In my day-to-day life, I'm a professor at the University of Tennessee and my research focuses on supporting families caring for someone with dementia. In one of my studies about how caregivers support each other online, one of the caregivers said, "These are the folks who hold the light for me so that I can see my way to a bit of peace; sometimes I hold the light for them."
 
That's what our community does for each other. We hold the light. It's hard and simple and inspiring and amazing and all the things. And I am so, so grateful for it. The office staff is holding the light for you. The Board of Directors is holding the light for you. Our committee chairs and members are holding the light for you. I am holding the light for you. And I know that you're all holding the light for me.
 
In the prologue to his memoir Walking with the Wind, the late Congressman John Lewis tells a story from his childhood to describe his vision of how we can face profound challenges and make a better world.
 
"About fifteen of us children were outside my aunt Seneva's house, playing in her dirt yard. The sky began clouding over, the wind started picking up, lightning flashed far off in the distance, and suddenly I wasn't thinking about playing anymore; I was terrified...
 
Aunt Seneva was the only adult around, and as the sky blackened and the wind grew stronger, she herded us all inside.
 
Her house was not the biggest place around, and it seemed even smaller with so many children squeezed inside. Small and surprisingly quiet. All of the shouting and laughter that had been going on earlier, outside, had stopped. The wind was howling now, and the house was starting to shake. We were scared. Even Aunt Seneva was scared.
 
And then it got worse. Now the house was beginning to sway. The wood plank flooring beneath us began to bend. And then, a corner of the room started lifting up.
 
I couldn't believe what I was seeing. None of us could. This storm was actually pulling the house toward the sky. With us inside it.
 
That was when Aunt Seneva told us to clasp hands. Line up and hold hands, she said, and we did as we were told. Then she had us walk as a group toward the corner of the room that was rising. From the kitchen to the front of the house we walked, the wind screaming outside, sheets of rain beating on the tin roof. Then we walked back in the other direction, as another end of the house began to lift.
 
And so it went, back and forth, fifteen children walking with the wind, holding that trembling house down with the weight of our small bodies.
 
More than half a century has passed since that day, and it has struck me more than once over those many years that our society is not unlike the children in that house, rocked again and again by the winds of one storm or another, the walls around us seeming at times as if they might fly apart.
 
It seemed that way in the 1960s, at the height of the civil rights movement, when America itself felt as if it might burst at the seams-so much tension, so many storms. But the people of conscience never left the house. They never ran away. They stayed, they came together and they did the best they could, clasping hands and moving toward the corner of the house that was the weakest.
 
And then another corner would lift, and we would go there.
 
And eventually, inevitably, the storm would settle, and the house would still stand.
 
But we knew another storm would come, and we would have to do it all over again.
 
And we did.
 
And we still do, all of us. You and I.
 
Children holding hands, walking with the wind..."
 
Harmony, A Colorado Chorale from Denver, Colorado, provided a virtual performance for both our opening and closing ceremonies for this year's virtual conference. I share with you this video from their closing performance.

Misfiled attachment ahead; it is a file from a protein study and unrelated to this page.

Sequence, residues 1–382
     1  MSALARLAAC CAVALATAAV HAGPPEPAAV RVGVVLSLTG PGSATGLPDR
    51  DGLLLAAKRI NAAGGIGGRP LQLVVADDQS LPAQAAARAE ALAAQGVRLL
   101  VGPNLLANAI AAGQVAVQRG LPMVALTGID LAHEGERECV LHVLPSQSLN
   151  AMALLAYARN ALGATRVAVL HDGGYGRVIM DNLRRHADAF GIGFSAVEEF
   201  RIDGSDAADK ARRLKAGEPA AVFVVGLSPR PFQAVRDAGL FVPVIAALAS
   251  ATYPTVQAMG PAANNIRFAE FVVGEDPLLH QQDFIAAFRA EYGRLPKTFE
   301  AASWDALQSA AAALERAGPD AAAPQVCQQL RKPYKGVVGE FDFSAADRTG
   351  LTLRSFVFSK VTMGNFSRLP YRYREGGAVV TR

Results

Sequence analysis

Surrounding You 
Surrounding You
As you move through the last two months of this year-marking and celebrating days of remembrance, thanksgiving, and light-may the lyrics of that song and the words of Congressman Lewis remind you of the global community of healers holding your hand, walking with the wind, and surrounding you with love.
 
Blessings,
Joel G. Anderson, PhD, CHTP, FGSA
President, Healing Beyond Borders

Posted by on in President's Update

b2ap3_thumbnail_a-better-world.pngCalled for a Better World - Photo by Lisa Anselme

October 2020 President Monthly Ezine
 
"Leaders are called to stand in that lonely place between the no longer and the not yet and intentionally make decisions that will bind, forge, move, and create history. We are not called to be popular; we are not called to be safe; we are not called to follow - we are the ones to take risks. We are the ones called to change attitudes, to risk displeasures. We are the ones called to gamble our lives for a better world." Mary Lou Anderson
 
This week, I am taking part in the National Hartford Center for Gerontological Nursing Excellence Leadership Conference. It's something I do every year, though this year it is a virtual experience, kind of like our own conference. What's similar is the mechanics of it in terms of navigating the conference platform, viewing pre-recorded presentations, and connecting to live sessions with some of the speakers. It's also similar in that attendees represent a group of compassionate individuals who truly care and are leading with their hearts.
 
Our own conference exceeded expectations. It was thrilling to have over 500 people from around the world engaged in the offerings this year. Hearing from folks each morning during my live coffee break and meditation was a highlight of each day for me. I heard about what you were doing as part of the conference as well as what you were doing in your daily lives. Our conference created new ways of connecting and gave us great ideas for how we might do things going forward.
 
And, I think, it inspired leadership. It showed many of us what is possible in ways we had not envisioned just months ago. It fed our soul and gave us courage and creativity to meet the days ahead, both for ourselves and for our Healing Touch community. I'm grateful for the leadership of our community in charting a path to holism and wholeness for ourselves and others. We lead just by being ourselves.